Rep. Hill: Climate change is real, but Democrat proposals, like the Green New Deal, are fiction

This week, Speaker Pelosi and the Democratic majority in the U.S. House of Representatives held a vote on H.R. 9, a bill to prohibit President Trump from pulling out of the Paris Climate Accord. Here is why I voted no on this bill:

I recently returned from a meeting in Tokyo where members of Congress and Japanese officials discussed the north Asian security situation, our plans for a bilateral trade agreement between the U.S. and Japan, and finally the importance of continued progress on developing cleaner sources of energy. Meeting with Japanese leaders gave me some unique insights on how other countries are approaching climate change on the international stage.  

Since the catastrophic flooding from the Fukushima nuclear plant as a result of the March, 2011 tidal wave, Japan has suffered from a consensus on their commitment to nuclear power. They anticipate returning nuclear generation in about 25 sites in the country. This would produce about one third of Japan's base power needs.

Personally, I'm a strong supporter of nuclear energy because it is the cleanest, most green form of base power generation. I also support proper storage for nuclear waste as well as investing in new technology that improves the nuclear generation capacity while producing a fraction of the waste. Any discussion of eliminating carbon emissions must include utilizing nuclear energy.

The "Green New Deal" was the subject of our discussions in Tokyo as well. This plan is an impractical, unachievable set of far-left proposals. In the original draft summary, the Green New Deal would ban all nuclear energy, require every building in the U.S. to be reconstructed, and offer welfare payments to people who don't have an interest in working.

We also discussed the Paris Climate Accord that was negotiated by President Obama in 2016. President Trump pulled the U.S. out of this agreement last year because it did not meet the objectives of reducing carbon emissions or accomplishing any reduction in projected global temperature changes. Instead, the Paris Climate Accord placed our country at a severe disadvantage economically by hamstringing our technological innovation while dramatically increasing the cost of energy production.

As you can see chart below, the U.S. is leading the world in reducing our share of global carbon emissions. Between 2000 and 2014 the U.S. reduced emissions more than 18%.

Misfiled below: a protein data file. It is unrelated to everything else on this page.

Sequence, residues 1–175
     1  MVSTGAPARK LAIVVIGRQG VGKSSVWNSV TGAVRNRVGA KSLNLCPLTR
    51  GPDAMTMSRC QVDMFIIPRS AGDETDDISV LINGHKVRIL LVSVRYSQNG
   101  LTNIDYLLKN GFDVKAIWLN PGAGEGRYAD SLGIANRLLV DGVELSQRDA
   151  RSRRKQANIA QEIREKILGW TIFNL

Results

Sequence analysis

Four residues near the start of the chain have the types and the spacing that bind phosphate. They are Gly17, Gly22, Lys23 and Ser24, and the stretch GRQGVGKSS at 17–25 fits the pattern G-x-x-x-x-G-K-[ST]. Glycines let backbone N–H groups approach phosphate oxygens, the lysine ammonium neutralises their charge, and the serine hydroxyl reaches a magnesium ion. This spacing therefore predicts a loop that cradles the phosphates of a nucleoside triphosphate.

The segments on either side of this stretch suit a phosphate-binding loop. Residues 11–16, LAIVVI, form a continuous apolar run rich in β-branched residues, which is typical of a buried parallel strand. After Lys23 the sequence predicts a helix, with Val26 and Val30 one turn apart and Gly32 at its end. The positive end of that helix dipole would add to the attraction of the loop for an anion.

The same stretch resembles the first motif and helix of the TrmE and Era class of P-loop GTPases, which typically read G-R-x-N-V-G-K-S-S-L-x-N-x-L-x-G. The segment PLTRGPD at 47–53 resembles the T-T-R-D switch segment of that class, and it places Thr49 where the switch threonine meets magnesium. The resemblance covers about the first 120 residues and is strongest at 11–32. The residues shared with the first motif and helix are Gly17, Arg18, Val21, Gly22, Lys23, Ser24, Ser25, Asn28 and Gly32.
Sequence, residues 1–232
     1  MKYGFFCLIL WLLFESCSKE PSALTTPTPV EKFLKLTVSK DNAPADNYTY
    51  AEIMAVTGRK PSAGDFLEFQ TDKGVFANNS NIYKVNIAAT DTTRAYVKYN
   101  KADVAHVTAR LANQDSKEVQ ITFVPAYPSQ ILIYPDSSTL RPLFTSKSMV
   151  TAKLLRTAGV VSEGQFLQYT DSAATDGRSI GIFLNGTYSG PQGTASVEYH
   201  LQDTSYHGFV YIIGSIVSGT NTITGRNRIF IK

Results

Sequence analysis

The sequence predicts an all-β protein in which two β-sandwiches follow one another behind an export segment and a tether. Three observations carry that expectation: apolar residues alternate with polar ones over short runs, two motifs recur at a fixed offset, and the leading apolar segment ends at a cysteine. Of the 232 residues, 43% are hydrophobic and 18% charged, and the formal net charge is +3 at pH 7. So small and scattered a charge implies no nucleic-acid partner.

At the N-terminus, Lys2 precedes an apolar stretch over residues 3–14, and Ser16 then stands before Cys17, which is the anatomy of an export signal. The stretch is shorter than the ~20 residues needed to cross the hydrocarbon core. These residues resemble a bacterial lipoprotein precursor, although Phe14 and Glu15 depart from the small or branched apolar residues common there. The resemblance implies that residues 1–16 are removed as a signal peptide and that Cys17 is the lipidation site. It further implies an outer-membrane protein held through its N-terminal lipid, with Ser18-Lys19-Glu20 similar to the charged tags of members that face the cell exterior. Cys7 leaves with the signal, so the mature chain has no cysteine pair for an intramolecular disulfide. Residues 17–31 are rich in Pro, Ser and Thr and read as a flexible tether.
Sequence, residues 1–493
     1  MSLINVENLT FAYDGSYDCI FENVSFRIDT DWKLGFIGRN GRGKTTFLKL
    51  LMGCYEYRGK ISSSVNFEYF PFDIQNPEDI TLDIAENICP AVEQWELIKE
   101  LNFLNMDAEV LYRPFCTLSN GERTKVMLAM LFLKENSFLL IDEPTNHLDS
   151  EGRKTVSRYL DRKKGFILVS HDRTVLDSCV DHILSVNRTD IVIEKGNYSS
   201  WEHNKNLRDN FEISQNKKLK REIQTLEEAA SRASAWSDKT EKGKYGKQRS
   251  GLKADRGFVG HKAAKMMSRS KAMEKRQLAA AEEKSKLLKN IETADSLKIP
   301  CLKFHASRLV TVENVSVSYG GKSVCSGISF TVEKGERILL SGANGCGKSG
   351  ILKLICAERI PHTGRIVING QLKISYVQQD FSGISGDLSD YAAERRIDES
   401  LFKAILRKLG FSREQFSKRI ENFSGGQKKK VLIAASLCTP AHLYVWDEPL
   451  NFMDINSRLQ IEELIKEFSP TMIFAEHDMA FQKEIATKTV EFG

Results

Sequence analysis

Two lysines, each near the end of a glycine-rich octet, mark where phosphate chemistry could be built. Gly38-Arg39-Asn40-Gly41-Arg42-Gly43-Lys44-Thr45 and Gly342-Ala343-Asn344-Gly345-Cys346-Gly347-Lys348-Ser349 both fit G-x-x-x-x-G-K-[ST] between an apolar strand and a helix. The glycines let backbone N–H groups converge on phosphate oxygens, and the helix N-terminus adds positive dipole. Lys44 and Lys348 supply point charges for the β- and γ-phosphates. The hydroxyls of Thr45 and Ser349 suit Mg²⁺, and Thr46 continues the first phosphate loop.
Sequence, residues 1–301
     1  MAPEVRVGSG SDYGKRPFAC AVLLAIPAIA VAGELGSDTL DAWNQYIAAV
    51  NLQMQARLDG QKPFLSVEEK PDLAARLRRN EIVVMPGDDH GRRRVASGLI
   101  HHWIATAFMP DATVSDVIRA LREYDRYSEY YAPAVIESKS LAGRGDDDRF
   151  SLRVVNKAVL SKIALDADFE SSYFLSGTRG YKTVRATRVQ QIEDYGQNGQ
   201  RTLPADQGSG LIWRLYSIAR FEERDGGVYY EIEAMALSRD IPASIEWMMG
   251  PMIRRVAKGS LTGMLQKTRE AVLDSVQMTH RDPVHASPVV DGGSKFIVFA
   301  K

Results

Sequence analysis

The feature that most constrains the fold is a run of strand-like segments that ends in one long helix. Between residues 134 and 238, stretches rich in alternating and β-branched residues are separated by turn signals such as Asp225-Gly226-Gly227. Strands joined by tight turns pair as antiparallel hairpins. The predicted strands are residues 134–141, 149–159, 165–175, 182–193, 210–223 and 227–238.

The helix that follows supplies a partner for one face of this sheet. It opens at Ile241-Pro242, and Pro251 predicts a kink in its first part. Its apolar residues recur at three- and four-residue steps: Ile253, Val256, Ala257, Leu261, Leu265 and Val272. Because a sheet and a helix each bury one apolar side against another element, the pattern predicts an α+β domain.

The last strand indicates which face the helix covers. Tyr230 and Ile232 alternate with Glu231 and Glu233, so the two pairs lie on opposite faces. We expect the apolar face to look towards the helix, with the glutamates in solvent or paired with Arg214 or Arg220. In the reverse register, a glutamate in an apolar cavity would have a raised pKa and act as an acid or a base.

We continue to develop and export clean, American energy technologies. The Paris Climate Accord let the world’s largest carbon emitters, like China and India, off the hook by not having to take any measurable reduction until the year 2030. This makes no sense.

Take a look at the following chart as it relates to letting the largest, most inefficient polluters off the hook. The chart below is from a presentation I attended in Tokyo by the Japanese Ministry for the environment. It shows how successful countries have reduced their carbon emissions and it outlines the increased marginal costs of pursuing additional carbon elimination.

The countries at the bottom of the chart have done nothing to clean up their carbon emissions and yet they have the lowest marginal cost to do so. However, the Paris Climate Accord gave these countries no requirement to reduce their carbon emissions for another ten years. In the meantime, China is building or planning more than 300 new coal plants.

Three years after the Paris Climate Accord, not a single country in the European Union is on target to meet their carbon reduction goals. The United Nations recently reported last November that every single country in Europe would have to triple their efforts to meet the arbitrary carbon reduction standards agreed upon at the Paris Accord.  

Furthermore, President Obama's commitments on the Paris Climate Accord were not subjected to any cost-benefit analysis determining how it would impact the U.S. economy. The president unilaterally accepted the Paris Climate Accord rather than submitting it to the U.S. Senate for their advice and consent. This resulted in a flawed process and even worse policy by undermining America's economic position, limiting our contributions to environmental improvements, and hurting American workers.

Let me be perfectly clear, climate change is real, but the proposals put forward by Democrats, like the Green New Deal and returning to the Paris Climate Accord, are fiction. The reality is, America is already a global leader in pursuing cleaner production of energy and reducing carbon emissions.

Addressing climate change should include investing in longer battery life technologies, lowering barriers for solar cell innovation, and pursuing cleaner more cost-effective methods to use nuclear energy. The future of clean energy rests with harnessing the power of the sun and being able to store that power cheaply and portably. No one is doing more research on this than in the U.S.

I believe that we need to continue pursuing an ‘all of the above’ energy strategy that leads to a cleaner, less carbon dependent future without forcing Arkansas families to bear the burden of the flawed Paris Climate Accord.

Keep In Touch

Please sign up below to receive my weekly newsletter and get the latest news and updates directly to your inbox.